Immigrants – Acceptance and Denial

Posted on July 12, 2010

By Shivani Ghildiyal:

For years now, free trade and free movement of capital have been respectable economic tenets, espoused, if sometimes reluctantly, by most politicians. But no sane politician, would advocate free movement of labour. As a result, most people are trapped in their native lands, never likely to have a legal opportunity to see the outside world.

There are several books which stoutly defend globalisation. One such book is ‘IMMIGRANTS: YOUR COUNTRY NEEDS THEM’.

It advocates open borders. It believes that it will, on balance, enrich both sending and receiving countries; the reason being, diversity makes life more interesting and detests bureaucratic restrictions on human freedom.

“Immigrants are not an invading army”. They come in search of a better life. They are no different from one who moves from Ahmedabad to Bangalore or Bihar to Delhi, because that is where jobs are. Except that a border lies in the way.

Contradicting the economic arguments against immigration is easy in case of skilled migrants. But the immigrants who arrive in the back of the lorries and huddled in small boats are unskilled. For them, there are hardly any legal tracks actross the border and they too bring economic benifits and little or no harm to the wages and employment of native workers. As for the impact on sending countries, many now gain more from remittances than from official aid or inward investment. One Government Minister from Philippines said -“Overseas employment has built more homes,sent more children of the poor to school  and established more business enterprises, than all the other programmes of the government put together.”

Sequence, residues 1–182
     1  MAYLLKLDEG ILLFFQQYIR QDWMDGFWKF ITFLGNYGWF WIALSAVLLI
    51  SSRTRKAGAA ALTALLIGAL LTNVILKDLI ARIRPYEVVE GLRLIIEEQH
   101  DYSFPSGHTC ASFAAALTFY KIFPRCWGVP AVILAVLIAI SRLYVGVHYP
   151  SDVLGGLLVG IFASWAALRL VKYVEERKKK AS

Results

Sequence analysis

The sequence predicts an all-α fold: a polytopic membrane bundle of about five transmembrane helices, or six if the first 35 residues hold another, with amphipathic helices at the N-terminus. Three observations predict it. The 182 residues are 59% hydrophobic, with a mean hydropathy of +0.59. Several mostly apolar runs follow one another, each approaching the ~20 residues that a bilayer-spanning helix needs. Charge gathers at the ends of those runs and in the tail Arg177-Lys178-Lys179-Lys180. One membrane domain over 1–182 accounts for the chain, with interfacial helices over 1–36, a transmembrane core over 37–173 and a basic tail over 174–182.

There are no official observations regarding immigrants holding back the pay of the poorest. A better economic case is rebutting the argument that taxpayers give willigly only to those whom they feel some kinship and that immigration, therefore, jeopardizes the support for the welfare state. Willingness to pay taxes to support the poor is independent of the levels of immigration.

Through this book,the immigrants are encouraged to go home after a period of working abroad. If immigration was temporary, native people will tolerate it more readily. So the immigrants should be made to sign a bond on arrival. Or have a portion of their wages withheld, until they leave.

But hospitality to immigrants is  not just about economics. It is based on fear of change and on racism. It has also, since the world trade centre attacks, been based on growing worries about Muslim terrorism. Such anxities are not easily assuaged by economic logic. It is striking, for example, how very few serious protests there were in Britain at the absorption of over 5,00,000 East European immigrants in the 2 year from may 2004 to 2006. Surely, at least 1 reason was that these white Christian Europeans look and think extraordinarily like most British people. By contrast, many Muslim immigrants and their children have become more estranged.

For the Government, the tricky question is who to let in. And how to define a coherent policy? The harsh truth is that natives find it easier to accept immigrants who look and behave as they do than those who are different. This as a basis for policy, still leaves most of the mankind outside the gates.

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